The changes in mesh values after removing and replacing the spring steel plate tells me it’s probably a good idea to run a Mesh Update each time I move the steel plate.

To me, using the BL Touch is a way to accomplish what using rafts used to do. Now, I wasn’t 3D printing in the 90s or 2000s, but my understanding is people would print on rafts specifically to overcome issues with uneven beds, something that was difficult to accomplish at the time.

Bottom line? The BL Touch has only once given me any trouble, and that was because I messed up and caused the probe to hit a model and get bent. I straightened the probe and haven’t had any issues since. Now that it’s working as I think it’s supposed to, I don’t want to be without it.

Regarding tinkering, I think you know I also want my printers to be tools. As I’ve said a number of times, I’m all about making practical prints, things that are useful. If I had the money, I would buy a much higher end printer that requires little to no tinkering. The tinkering I do is to increase the efficiency and reliability of my printers.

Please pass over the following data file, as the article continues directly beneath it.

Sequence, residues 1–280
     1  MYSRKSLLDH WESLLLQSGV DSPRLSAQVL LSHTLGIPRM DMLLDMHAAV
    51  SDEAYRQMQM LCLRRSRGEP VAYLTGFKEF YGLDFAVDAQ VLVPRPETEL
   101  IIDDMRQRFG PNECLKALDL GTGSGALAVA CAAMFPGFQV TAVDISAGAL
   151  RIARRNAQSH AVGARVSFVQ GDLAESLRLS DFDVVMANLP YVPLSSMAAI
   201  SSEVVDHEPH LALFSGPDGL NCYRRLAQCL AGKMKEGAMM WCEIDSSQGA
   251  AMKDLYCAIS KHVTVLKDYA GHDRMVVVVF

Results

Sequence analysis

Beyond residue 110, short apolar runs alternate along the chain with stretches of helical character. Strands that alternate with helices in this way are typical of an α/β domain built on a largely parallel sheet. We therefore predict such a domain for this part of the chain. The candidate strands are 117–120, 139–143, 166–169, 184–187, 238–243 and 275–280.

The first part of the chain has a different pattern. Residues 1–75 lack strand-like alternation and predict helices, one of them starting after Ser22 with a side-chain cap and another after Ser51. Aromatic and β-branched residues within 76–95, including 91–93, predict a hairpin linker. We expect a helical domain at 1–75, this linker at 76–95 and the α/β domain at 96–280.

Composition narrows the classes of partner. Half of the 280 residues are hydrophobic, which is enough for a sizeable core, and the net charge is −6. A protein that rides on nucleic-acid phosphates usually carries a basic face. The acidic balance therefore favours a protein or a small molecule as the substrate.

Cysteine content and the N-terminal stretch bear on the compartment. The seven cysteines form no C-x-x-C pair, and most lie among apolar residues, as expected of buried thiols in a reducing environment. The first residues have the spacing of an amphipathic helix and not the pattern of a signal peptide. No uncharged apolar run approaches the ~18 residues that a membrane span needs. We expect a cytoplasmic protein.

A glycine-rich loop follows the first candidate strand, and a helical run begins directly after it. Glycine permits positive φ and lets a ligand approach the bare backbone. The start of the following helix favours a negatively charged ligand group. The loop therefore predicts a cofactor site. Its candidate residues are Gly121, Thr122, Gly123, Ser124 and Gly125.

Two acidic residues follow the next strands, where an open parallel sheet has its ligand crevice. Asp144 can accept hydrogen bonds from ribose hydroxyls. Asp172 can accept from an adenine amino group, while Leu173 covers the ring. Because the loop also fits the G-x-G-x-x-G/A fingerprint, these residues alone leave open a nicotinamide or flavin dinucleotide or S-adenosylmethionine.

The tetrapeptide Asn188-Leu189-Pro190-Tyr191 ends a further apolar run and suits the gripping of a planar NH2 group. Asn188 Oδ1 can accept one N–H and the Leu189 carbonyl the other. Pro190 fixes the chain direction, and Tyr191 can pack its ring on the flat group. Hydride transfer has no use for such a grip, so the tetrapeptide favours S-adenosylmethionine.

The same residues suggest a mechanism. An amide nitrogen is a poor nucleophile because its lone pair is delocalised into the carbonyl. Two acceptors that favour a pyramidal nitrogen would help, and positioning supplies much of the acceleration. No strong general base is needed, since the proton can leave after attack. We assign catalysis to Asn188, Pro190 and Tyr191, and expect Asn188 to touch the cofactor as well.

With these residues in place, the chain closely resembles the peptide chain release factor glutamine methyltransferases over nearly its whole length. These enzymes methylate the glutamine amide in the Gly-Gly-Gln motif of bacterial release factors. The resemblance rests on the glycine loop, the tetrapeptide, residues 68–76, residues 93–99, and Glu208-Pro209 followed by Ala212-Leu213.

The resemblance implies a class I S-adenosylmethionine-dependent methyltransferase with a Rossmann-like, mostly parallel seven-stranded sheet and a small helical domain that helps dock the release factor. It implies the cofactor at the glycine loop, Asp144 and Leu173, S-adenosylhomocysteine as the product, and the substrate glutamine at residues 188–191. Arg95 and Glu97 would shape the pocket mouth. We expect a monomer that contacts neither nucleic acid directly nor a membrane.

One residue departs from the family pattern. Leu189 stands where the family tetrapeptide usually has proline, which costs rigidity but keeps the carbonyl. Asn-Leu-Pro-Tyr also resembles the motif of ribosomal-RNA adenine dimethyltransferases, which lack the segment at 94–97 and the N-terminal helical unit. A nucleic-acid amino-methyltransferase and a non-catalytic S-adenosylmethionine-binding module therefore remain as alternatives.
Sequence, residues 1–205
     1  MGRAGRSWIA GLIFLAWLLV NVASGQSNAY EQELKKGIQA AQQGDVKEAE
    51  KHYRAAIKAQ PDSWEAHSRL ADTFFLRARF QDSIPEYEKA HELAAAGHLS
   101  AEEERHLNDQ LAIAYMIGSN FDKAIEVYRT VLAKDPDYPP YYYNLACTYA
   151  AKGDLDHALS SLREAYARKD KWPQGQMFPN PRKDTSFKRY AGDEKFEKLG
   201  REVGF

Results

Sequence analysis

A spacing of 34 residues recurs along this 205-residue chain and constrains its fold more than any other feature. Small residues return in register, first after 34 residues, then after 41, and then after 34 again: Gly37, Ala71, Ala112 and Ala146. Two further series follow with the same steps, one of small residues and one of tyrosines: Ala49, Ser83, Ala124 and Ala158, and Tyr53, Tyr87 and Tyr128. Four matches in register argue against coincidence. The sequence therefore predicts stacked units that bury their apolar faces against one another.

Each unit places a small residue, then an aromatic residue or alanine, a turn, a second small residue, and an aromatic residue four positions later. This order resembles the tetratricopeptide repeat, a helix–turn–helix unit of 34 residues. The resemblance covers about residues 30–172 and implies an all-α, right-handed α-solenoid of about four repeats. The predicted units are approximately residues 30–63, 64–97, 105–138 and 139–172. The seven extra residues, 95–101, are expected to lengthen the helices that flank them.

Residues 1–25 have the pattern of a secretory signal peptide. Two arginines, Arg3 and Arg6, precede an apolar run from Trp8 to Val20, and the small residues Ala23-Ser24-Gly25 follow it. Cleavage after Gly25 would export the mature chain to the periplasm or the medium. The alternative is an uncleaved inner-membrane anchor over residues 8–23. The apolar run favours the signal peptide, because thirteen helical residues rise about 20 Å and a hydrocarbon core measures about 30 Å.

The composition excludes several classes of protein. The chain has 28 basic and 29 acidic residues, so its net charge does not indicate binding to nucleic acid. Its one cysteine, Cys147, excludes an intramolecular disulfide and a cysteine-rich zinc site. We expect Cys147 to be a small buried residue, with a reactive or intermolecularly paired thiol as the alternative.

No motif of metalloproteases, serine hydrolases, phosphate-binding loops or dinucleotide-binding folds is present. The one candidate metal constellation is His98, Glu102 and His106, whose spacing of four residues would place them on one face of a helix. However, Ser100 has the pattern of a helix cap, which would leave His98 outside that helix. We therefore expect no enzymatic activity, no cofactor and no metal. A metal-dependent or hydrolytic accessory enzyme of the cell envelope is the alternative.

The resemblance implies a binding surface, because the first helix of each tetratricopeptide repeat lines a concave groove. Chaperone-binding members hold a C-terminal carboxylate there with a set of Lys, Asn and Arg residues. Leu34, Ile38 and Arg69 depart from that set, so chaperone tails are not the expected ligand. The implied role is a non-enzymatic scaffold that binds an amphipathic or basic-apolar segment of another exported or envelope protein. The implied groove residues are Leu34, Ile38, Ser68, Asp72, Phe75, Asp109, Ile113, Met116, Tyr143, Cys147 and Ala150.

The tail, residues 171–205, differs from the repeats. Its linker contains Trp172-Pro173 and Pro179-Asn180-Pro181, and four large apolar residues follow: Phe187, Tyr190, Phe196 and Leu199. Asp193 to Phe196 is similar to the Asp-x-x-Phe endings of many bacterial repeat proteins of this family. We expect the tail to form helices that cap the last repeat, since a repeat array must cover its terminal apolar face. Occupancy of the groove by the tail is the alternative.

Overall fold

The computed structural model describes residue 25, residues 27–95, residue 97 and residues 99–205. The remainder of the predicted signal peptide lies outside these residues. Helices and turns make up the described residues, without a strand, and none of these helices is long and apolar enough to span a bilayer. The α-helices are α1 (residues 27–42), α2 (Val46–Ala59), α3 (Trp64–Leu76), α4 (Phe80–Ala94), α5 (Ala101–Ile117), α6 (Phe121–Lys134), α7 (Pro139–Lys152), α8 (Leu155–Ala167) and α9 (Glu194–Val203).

Well, with a glass bed there is an even surface anyway. No need to have additional weight on the print head and gantry to carry around, when the bed cannot be bend.

I rather adjust the bed properly and be done and for the record. I like to print rafts these days, too. Especially for object like my ring lamps, where you want the bottom and top layers to look equal. A textured, blank or even a little squished version is unwanted here. A raft fixes that in a nice way. Since you can adjust the raft properties, the waste is not that big and there is also more or less no post processing required, as there is no brim edges or elephant foot.

I think this is why the guy who designed the HevORT printer uses mirrors as his bed. Mirrors, at least decent ones, are flat.